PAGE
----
This does not appear to be an “experiment,” either; Tongliao is a city of over 3 million, with a large Mongol population. See 关于当前内蒙古自治区蒙古语授课教育遇到困境的反映 for the details.

Interestingly, the above Weixin essay notes that there are currently two official approaches to bilingual education. Simply put, the first is to offer schooling mainly in an indigenous language, with Mandarin as a “second language,” if you will, and the other is the inverse. The essay skips over the third option, increasingly applied in Xinjiang since 2017, in which the Uyhgur language is banned from all classrooms and textbooks. In other words, Mandarin instruction. Period.

To close, a personal anecdote about fiction published in China in languages other than Mandarin: I recently took part in a videoconference with several persons, including a senior manager at Chinese Culture Translation & Studies Support Network (CCTSS) (中国文化译研网). CCTSS positions itself as “a platform of Chinese and foreign literature online translation and project promotion (working platform).”

We were discussing how to better promote the writing of China’s non-Han authors to publishers and readers overseas. I suggested that we could translate excerpts of writing by minority authors, for marketing to foreign publishers, including those originally penned in Tibetan, Mongolian, etc., and not yet available in Mandarin. The CCTSS executive politely but firmly indicated this option would not be considered.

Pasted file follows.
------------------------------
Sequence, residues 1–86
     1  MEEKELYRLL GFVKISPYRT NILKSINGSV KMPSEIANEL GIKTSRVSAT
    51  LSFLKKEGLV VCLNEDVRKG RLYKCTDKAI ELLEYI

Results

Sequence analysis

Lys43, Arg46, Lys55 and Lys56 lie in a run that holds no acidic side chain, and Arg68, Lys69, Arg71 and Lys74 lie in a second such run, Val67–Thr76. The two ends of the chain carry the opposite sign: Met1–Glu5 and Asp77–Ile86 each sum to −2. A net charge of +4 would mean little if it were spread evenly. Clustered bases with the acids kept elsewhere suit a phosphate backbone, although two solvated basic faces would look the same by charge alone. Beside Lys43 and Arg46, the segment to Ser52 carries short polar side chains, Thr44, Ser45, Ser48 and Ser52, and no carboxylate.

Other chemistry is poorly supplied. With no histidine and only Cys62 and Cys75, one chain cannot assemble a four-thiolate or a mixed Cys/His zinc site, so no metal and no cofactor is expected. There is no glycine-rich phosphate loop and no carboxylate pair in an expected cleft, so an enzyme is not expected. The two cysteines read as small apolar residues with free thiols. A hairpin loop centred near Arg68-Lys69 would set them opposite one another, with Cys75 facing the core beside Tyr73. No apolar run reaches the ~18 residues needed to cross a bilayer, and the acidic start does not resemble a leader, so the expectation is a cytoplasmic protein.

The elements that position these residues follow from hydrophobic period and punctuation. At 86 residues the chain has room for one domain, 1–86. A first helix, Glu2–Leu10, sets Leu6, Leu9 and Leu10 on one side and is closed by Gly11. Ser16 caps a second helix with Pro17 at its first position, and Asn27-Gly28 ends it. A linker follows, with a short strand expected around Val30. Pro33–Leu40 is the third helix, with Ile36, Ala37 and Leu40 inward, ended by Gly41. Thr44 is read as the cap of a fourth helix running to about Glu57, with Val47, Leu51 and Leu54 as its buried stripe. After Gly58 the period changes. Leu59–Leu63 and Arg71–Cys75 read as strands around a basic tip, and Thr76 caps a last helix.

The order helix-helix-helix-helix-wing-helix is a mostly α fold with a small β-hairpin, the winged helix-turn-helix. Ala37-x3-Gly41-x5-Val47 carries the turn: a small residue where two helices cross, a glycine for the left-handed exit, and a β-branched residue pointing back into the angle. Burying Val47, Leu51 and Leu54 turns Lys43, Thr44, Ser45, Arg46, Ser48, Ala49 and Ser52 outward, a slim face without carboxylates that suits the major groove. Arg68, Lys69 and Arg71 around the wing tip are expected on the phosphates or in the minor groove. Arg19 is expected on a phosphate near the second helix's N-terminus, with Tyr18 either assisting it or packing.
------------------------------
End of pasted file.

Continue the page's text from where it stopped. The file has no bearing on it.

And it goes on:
3 thoughts on “Contemporary Fiction from China: Must it Be Penned in Mandarin?”

The policy on all real teaching being done in Mandarin is a backward step, as the Weixin essay demonstrates.

One can understand the desire to make China strong and united, to eliminate internal differences, and give equal opportunity to all people of all backgrounds. But this policy does not help to achieve this. It is not a demonstration of strength and broader vision; it is an admission of fear, narrowness, and weakness. It appears to be a hybrid of good old-fashioned Han chauvinism — a belief in the superiority of the Han people and in the Chinese Great Tradition, and a desire to unite the country on this basis — and 19th century Western-style monocultural, monolingual state building. These have come together in a policy of nation-building that is focussed on eliminating differences of culture and thought and creating absolute uniformity.